copyright © Wartime Heritage Association 2012-2024 Website hosting courtesy of - a company
Wartime Heritage ASSOCIATION
Remembering World War II Yarmouth Connections
Return To Links
Name: Edwin Frederick Amirault Rank: Private 1st Class, U.S. Army Service No: 31160357 Battalion: 21st Armored Infantry Battalion, 11th Armored Division Awards: Purple Heart Date of Birth: July 8, 1907 Place of Birth: Yarmouth, NS Date of Enlistment: August 13, 1942 Place of Enlistment: Boston, Massachusetts Address at Enlistment: Wakefield, Massachusetts Age at Enlistment: 35 Height: 5 feet, 6 inches Complexion: Dark Eyes: Brown Hair: Dark Brown Weight: 140 lbs Trade: Accountant/Auditor Marital Status: Single (at enlistment) Religion: Roman Catholic Next of Kin: Ann Alice Amirault (Wife) Wakefield, Massachusetts Date of Death: January 2, 1945 Cemetery: Luxembourg American Cemetery (Luxembourg City, Luxembourg) Grave Reference: Plot D Row 11 Grave 7 The 5th name on the WWII list of the Yarmouth War Memorial Edwin was the son of Gilbert Amirault and Emma (Cotreau) Amirault. The family lived in Yarmouth at the time of his birth. Edwin and his mother lived with an uncle and aunt in New Edinburgh, Digby Co., NS in 1921. In 1929 at the age of 22, he left Canada, leaving Nova Scotia on the SS Yarmouth, and arriving in Boston on September 7, 1929. He entered the US using the name Edward; however, his name was corrected to Edwin on the US citizenship papers. Edwin completed four years of college. Following his enlistment in August, 1942, he applied for US citizenship on November 24, 1942. He married Ann Alice Cottreau (1917-1998) on September 10, 1943. Ann was born in Wedgeport, Yarmouth Co., NS. At the time of his death she resided at 15 Crystal Lake Park in Wakefield, Massachusetts. Private Amirault was killed in the attack on Mande-St. Etienne, Belgium, on January 2, 1945 during the Battle of the Bulge. The attack started in mid-afternoon. Both infantry and armored task forces moved into the town but were forced to fight street to street and cellar to cellar all through the night before securing full possession. Source: American Battle Monuments Commission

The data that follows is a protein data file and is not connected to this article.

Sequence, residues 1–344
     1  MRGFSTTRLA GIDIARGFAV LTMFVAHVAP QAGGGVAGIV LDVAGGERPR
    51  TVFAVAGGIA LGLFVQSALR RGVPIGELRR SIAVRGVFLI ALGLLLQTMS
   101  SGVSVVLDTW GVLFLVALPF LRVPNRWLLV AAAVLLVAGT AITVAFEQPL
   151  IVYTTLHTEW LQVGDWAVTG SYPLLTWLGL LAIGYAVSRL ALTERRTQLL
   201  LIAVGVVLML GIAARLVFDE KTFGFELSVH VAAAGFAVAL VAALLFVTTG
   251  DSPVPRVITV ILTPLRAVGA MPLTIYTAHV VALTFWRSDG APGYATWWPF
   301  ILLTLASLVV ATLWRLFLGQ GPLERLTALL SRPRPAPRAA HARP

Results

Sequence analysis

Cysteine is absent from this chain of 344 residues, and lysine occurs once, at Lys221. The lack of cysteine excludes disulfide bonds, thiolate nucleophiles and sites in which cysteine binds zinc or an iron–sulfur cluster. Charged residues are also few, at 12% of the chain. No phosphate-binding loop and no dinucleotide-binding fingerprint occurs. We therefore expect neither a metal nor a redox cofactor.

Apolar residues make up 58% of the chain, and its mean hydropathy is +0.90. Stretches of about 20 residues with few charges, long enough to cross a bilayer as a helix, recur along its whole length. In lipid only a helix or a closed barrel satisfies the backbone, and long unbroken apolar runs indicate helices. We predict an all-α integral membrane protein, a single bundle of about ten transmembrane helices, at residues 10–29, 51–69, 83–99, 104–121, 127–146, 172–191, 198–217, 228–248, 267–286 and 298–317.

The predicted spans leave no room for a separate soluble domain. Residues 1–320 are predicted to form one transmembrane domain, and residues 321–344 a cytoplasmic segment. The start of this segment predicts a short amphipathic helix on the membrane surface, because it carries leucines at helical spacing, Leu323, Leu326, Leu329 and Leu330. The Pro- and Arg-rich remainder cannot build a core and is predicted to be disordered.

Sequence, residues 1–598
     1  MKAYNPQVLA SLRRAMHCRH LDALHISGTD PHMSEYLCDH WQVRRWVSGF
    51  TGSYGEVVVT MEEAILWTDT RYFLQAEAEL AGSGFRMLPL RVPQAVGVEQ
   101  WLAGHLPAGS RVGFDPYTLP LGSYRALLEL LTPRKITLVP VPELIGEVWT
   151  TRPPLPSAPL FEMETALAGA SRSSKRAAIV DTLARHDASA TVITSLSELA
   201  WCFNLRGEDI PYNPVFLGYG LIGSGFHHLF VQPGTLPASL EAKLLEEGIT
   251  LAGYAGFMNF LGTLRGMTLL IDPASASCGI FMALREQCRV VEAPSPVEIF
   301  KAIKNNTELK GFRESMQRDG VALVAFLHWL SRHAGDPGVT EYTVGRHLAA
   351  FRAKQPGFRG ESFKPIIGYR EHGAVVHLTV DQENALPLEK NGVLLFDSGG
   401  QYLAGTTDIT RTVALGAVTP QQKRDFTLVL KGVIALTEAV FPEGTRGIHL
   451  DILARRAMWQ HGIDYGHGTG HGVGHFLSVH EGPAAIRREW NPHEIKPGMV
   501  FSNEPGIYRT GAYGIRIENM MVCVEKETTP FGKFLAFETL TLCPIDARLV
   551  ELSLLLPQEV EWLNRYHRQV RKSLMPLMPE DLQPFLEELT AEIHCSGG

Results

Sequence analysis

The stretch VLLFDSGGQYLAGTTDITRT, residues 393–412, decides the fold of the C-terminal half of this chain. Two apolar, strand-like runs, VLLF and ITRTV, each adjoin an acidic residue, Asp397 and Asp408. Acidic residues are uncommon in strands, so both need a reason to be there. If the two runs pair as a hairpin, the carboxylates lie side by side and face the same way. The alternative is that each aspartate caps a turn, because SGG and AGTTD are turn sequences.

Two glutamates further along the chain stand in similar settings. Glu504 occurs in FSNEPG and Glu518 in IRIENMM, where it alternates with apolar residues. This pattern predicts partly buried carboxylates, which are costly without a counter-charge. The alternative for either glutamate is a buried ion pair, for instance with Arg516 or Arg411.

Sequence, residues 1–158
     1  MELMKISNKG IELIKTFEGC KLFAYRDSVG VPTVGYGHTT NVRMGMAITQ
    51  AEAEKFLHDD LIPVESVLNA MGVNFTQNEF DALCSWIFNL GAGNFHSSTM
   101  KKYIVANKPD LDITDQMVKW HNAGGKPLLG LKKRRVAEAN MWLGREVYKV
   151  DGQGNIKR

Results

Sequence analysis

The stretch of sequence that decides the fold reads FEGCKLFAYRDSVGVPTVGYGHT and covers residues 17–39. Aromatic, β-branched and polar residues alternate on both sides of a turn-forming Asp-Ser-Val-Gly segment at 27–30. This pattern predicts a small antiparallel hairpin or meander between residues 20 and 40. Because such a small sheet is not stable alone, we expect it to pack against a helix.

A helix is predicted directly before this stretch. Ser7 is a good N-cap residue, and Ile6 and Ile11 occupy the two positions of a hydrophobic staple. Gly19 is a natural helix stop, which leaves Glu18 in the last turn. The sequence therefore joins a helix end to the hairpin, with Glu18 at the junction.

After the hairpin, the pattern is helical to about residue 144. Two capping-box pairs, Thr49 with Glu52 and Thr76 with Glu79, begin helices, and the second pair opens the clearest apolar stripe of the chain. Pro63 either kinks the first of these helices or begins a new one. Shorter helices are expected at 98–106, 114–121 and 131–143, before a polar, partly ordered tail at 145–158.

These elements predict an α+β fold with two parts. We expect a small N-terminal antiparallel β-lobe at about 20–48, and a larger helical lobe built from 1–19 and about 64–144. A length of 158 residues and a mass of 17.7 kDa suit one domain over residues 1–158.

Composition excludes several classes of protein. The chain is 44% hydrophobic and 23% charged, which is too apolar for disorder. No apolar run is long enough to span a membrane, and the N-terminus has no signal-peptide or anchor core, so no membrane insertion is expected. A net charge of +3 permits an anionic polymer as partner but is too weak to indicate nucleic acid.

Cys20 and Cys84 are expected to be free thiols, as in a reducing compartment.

Edwin Frederick Amirault